Oh, sweet, expansive summer! On top of soaking in the sun and hiking in the hills and biking on the boulevards, we get to read. Me, I read baseball blogs and sweeping novels, Chinese poetry and Stoics’ reflections on life. Right now I imagine teachers across the land on Sunday couches, on Monday benches, in Tuesday coffeeshops entering rich, fragrant, imaginative and private realms.
I hear hear Wallace Stevens: “The house was quiet and world was calm. / The reader became the book; and the summer night / Was like a conscious being of the book.”
I also enter this summer wondering if I have set the groundwork for my students to view and do reading as so many of teachers do: with relief, with anticipation, with a twinge of thrill.
Two sources have induced this wondering.
At the end of this school year, I had students do a survey about their experiences in my class. (I used the great Evin Shinn’s great survey.) Student feedback was largely positive, particularly on my ability to build relationships and make clear what they were learning, why, and what excellence looked like. But I got a cold splash of water when I asked students to identify their stance on the following statement: “This class has increased my interest in reading and writing.” Twenty-four percent of my juniors disagreed with that statement. Twenty-one percent of my freshmen disagreed.
That was source one.
Source two: AP test results were just released. I was satisfied with my students’ scores (improving them significantly was one of my teaching goals this year, and my students passing the test with a 3 or higher improved by 15% from the previous year.) The College Board analyzed this year’s nationwide results. This year 57.4 of test-takers earned a 3 or above on the English Language test (rhetoric and non-fiction). On the AP English Literature test (plays, novels, poetry), 47.4% earned a 3 or above. In contrast, in 2012 57% passed that test with a 3 or above. College Board is noticing a pattern: student comprehension and analysis of non-fiction is improving and of fiction and poetry declining. In their analysis, they wrote their own wondering:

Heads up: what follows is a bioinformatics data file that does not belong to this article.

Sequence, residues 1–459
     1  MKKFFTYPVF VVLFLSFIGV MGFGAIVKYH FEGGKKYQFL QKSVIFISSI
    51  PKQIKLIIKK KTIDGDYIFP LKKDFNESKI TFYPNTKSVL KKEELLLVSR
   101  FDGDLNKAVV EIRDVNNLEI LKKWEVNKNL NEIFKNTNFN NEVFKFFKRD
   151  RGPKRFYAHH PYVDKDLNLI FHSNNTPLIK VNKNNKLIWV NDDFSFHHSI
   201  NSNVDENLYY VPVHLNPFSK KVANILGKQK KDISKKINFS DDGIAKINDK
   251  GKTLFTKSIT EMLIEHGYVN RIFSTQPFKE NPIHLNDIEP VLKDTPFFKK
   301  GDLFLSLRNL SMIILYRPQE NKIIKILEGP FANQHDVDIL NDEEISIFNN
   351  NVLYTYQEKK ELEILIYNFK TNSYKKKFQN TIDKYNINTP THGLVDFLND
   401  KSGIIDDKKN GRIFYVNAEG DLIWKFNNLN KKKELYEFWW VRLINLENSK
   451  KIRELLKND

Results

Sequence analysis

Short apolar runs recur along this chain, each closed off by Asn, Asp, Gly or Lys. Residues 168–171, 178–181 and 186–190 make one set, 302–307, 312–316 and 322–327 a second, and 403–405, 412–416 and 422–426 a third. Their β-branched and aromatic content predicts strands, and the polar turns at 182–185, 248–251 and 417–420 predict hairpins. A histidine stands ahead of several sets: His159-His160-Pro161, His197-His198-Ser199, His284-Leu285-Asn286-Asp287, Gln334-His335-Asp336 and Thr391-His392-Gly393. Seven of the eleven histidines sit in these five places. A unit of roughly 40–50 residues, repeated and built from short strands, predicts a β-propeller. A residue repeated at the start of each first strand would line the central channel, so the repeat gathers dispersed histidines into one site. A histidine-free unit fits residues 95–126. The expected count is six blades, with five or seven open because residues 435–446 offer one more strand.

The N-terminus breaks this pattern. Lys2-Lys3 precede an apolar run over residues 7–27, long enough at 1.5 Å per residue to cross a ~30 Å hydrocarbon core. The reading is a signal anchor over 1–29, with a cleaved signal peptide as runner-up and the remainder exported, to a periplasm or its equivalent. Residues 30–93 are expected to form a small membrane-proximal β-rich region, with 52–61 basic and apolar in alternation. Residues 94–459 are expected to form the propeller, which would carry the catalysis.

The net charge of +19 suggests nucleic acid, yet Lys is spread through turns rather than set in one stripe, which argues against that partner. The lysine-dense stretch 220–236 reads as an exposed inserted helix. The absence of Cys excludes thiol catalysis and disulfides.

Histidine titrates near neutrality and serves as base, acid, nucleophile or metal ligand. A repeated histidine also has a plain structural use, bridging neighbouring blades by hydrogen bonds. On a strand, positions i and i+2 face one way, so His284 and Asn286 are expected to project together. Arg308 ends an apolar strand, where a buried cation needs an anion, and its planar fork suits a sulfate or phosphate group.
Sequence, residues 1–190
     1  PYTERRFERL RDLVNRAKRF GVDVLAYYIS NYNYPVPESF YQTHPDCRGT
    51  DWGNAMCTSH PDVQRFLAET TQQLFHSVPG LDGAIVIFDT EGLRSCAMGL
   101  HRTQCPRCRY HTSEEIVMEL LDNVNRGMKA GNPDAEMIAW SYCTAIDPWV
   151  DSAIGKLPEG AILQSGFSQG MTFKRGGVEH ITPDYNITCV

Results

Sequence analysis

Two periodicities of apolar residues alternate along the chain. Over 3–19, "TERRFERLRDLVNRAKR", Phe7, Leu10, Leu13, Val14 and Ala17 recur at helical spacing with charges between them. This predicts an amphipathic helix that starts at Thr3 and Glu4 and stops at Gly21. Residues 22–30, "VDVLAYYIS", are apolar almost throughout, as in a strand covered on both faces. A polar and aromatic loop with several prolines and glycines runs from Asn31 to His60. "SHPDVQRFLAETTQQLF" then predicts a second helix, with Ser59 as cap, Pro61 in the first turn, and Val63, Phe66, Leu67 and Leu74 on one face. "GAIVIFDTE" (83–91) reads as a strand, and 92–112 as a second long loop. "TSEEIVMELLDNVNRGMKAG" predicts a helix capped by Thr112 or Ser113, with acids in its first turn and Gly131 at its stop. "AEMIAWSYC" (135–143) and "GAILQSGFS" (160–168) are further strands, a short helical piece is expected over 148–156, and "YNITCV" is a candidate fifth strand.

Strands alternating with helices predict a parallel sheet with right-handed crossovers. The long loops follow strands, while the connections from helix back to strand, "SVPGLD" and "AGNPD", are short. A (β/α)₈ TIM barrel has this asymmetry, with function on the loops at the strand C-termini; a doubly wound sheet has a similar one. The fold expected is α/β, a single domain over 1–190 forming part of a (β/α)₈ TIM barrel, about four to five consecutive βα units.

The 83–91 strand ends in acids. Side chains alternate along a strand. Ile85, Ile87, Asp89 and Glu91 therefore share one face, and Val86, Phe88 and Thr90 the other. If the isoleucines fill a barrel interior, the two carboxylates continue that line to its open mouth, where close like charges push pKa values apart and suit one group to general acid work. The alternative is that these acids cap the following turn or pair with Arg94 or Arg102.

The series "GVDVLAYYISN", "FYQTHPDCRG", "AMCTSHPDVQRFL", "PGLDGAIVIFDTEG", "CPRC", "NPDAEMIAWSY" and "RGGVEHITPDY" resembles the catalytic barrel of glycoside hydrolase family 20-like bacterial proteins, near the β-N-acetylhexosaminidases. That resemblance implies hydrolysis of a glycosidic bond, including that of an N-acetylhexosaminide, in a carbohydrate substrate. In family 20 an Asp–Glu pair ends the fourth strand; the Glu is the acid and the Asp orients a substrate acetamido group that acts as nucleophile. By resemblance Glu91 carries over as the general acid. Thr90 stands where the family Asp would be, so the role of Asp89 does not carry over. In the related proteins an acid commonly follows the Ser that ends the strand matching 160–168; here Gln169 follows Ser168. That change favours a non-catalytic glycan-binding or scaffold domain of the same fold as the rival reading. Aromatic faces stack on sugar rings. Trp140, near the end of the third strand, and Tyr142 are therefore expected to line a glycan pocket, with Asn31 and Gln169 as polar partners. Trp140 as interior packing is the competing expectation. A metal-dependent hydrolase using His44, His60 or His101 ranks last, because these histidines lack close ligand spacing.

These two measurements move me from hunch to inference: At the secondary level, we are pivoting towards a more practical use of reading and writing and less of an imaginative one.
This trend–which I predict will continue for a few years and swing back towards creativity–does not alarm me (though imaginative writing is the very reason I became a teacher), but it does make me want to do better. By doing better, in this case, I mean returning a bit to my younger teaching self.
I am a teaching centrist. Being a teaching centrist means that I believe teachers have the pedagogy to synthesize the ideal and the pragmatic. This is a requirement of public education. The Common Core has helped teachers get unified on what kids should know. It has created more consistent experiences for students, and it has set reasonably high and relevant expectations at the secondary level. It has also–at times–drained language arts of what it runs on: ideas and imagination. While not always intentional, I have see many lesson in my room and outside of my room center on figurative language in fiction, rather than, say, what the text suggests about stability and progress.
As a centrist, I know that teachers can do both: teach the discrete skills and ensure the vitality of the text and its ideas. Is it challenging? Yes. And it’s my goal next year to crank up that vitality. So, rather than go to books on teaching strategies, I’ve gone back to texts about philosophies of teaching. This summer I have already read Freire’s Pedagogy of the Oppressed, Donalyn Miller’s The Book Whisperer: Awakening the Inner Reader in Every Child, and Parker Palmer’s The Courage to Teach.
For the past three years–through Teachers College materials and AP seminars, to name a few–I have honed the craft of teaching skill. Like Miller describes, I am ready to also get back to a place where I create a passionate environment about reading and writing, so I help students be imaginative and skilled.
She writes: “These days, I share with my students what no literacy expert could ever teach me. Reading changes your life. Reading unlocks worlds unknown or forgotten taking travelers around the world and through time. Reading helps you escape the confines of school and pursue your own education. Through characters–the saints and the sinners, real or imagined–reading shows you how to be a better human being. Now, I accept that I may never arrive to my teaching paradise, but as long as I hold onto my love of books and show my students what it really means to live as a reader, I’ll be closer than I once was.”
Latest posts by Sean Riley (see all)
- Reading Lists in a Fragmented Era - December 27, 2018
- What The Great British Baking Show Reminds Us about Assessment - October 30, 2018
- Designing Paradoxical Classrooms - September 22, 2018